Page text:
Please use this identifier to cite or link to this item: https://hdl.handle.net/10356/146723
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dc.contributor.authorEsposito, Gianlucaen_US
dc.contributor.authorRaghunath, Bindiya Lakshmien_US
dc.contributor.authorAzhari, Atiqahen_US
dc.contributor.authorSetoh, Peipeien_US
dc.contributor.authorBornstein, Marc H.en_US
dc.date.accessioned2021-03-08T08:57:20Z-
dc.date.available2021-03-08T08:57:20Z-
dc.date.issued2021-
dc.identifier.citationEsposito, G., Raghunath, B. L., Azhari, A., Setoh, P., & Bornstein, M. H. (2021). Predicting mother and child emotional availability in Singaporean bilingual English and Mandarin dyads : a multilevel approach to the specificity principle. Journal of Applied Developmental Psychology, 73, 101241-. doi:10.1016/j.appdev.2021.101241en_US
dc.identifier.issn0193-3973en_US
dc.identifier.urihttps://hdl.handle.net/10356/146723-
dc.description.abstractWhen interacting with one another, bilingual caregivers and their young bilingual children can switch from one language to another to convey emotion and information in meaningful ways. The Specificity Principle (Bornstein, 2017) states that specific setting conditions affect specific outcomes in specific ways in specific individuals at specific times. Here we tested three constituents of the Specificity Principle: We evaluated how the language used in interaction (setting condition) differentially affects different dimensions of emotional availability (outcomes) in mothers and children (individuals). Twenty-six Singaporean English-Mandarin bilingual mother-child dyads (Mother M age = 33 years; Child M age = 19 months) participated in two counterbalanced play sessions, one exclusively in English and one exclusively in Mandarin. Using recursive-partitioning analyses, we assessed (i) how child language dominance, dimensions of maternal emotional availability, and mother-child physiological synchrony accounted for dimensions of child emotional availability and (ii) how child language dominance, child emotional availability, and mother-child physiological synchrony accounted for overall maternal emotional availability. In agreement with predictions from the Specificity Principle, our results show that different predictors of different dimensions of child and mother emotional availability differ according to whether the mother interacted with her child in the child's dominant or non-dominant language. The findings suggest that language specificity influences the quality of mother-child interactions.en_US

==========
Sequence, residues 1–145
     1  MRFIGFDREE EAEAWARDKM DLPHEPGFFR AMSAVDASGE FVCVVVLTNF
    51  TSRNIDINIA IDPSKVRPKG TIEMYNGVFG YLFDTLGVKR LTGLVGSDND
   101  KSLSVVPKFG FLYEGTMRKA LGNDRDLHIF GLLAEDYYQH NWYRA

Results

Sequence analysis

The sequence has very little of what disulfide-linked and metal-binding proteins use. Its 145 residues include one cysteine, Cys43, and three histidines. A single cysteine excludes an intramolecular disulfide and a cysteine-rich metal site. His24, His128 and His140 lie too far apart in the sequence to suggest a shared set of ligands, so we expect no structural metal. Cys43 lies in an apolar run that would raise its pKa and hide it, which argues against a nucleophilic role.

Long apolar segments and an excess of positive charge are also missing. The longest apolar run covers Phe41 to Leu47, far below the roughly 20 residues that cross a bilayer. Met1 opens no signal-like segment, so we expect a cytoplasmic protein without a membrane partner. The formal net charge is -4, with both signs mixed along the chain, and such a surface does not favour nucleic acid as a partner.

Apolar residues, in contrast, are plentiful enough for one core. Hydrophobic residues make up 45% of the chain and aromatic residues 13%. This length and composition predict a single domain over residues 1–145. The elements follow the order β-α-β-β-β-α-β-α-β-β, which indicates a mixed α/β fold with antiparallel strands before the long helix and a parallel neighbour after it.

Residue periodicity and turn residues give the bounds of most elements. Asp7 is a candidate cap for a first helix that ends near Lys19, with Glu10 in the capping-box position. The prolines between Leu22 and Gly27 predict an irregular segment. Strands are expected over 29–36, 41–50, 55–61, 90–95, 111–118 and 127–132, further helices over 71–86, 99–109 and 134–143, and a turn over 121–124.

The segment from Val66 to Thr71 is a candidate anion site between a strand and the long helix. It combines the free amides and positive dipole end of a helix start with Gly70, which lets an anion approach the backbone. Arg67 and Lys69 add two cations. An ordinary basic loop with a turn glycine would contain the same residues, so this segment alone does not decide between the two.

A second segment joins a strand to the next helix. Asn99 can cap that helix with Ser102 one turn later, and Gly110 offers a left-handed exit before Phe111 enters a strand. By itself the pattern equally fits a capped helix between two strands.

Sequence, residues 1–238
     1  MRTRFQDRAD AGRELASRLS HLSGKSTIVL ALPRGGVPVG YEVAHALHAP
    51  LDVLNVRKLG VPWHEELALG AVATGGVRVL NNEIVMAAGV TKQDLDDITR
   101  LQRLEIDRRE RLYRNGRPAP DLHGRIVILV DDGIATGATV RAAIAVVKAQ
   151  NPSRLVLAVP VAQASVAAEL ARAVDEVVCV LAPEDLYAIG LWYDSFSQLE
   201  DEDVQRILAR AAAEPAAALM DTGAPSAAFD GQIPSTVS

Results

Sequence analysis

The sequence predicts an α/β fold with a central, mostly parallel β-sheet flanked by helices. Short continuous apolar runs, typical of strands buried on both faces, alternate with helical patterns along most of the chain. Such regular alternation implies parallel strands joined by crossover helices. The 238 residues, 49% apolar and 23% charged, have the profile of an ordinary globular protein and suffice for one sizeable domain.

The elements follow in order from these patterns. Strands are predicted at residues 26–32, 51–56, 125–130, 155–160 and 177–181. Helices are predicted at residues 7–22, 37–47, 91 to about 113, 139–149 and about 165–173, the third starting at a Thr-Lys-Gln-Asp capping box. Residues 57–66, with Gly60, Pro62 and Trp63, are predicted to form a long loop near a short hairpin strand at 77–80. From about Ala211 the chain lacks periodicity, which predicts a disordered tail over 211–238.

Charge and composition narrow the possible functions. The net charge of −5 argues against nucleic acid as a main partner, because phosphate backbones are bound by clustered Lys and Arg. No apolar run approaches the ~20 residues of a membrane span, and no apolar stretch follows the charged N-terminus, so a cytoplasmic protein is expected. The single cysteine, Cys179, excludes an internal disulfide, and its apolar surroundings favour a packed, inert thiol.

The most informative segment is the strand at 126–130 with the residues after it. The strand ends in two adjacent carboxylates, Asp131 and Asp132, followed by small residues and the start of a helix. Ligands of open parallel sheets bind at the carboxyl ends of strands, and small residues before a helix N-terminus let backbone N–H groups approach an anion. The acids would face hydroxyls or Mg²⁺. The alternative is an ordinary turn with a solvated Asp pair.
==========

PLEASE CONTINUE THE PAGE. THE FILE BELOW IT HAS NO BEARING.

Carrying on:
dc.description.sponsorshipMinistry of Education (MOE)en_US
dc.language.isoenen_US
dc.relation.ispartofJournal of Applied Developmental Psychologyen_US
dc.rights© 2021 Elsevier Inc. All rights reserved. This paper was published in Journal of Applied Developmental Psychology and is made available with permission of Elsevier Inc.en_US
dc.subjectSocial sciences::Psychologyen_US
dc.titlePredicting mother and child emotional availability in Singaporean bilingual English and Mandarin dyads : a multilevel approach to the specificity principleen_US
dc.typeJournal Articleen
dc.contributor.schoolSchool of Social Sciencesen_US
dc.contributor.schoolLee Kong Chian School of Medicine (LKCMedicine)en_US
dc.contributor.organizationDepartment of Psychology and Cognitive Science, University of Trento, Rovereto, TN, Italyen_US
dc.contributor.organizationEunice Kennedy Shriver National Institute of Child Health and Human Development National Institutes of Health, Bethesda, MD, USAen_US
dc.contributor.organizationUNICEF, New York City, NY, USAen_US
dc.contributor.organizationInstitutes for Fiscal Studies, London, United Kingdomen_US
dc.identifier.doi10.1016/j.appdev.2021.101241-
dc.description.versionAccepted versionen_US
dc.identifier.scopus2-s2.0-85099626436-
dc.identifier.volume73en_US
dc.identifier.spage101241en_US
dc.subject.keywordsMother-child Emotional Availabilityen_US
dc.subject.keywordsHRV Synchronyen_US
dc.description.acknowledgementThis research was supported by the Nanyang Technological University NAP SUG Grant (GE), Singapore Ministry of Education’s Academic Research Fund Tier 1 (GE;PS), Social Science Research Thematic Grant (MOE2016- SSRTG-017, PS), Intramural Research Program of the NIH/NICHD, USA, (MHB) and an International Research Fellowship at the Institute for Fiscal Studies (IFS), London, UK, funded by the European Research Council (ERC) under the Horizon 2020 research and innovation programme (grant agreement No 695300-HKADeC-ERC-2015-AdG, MHB).en_US
item.grantfulltextembargo_20230430-
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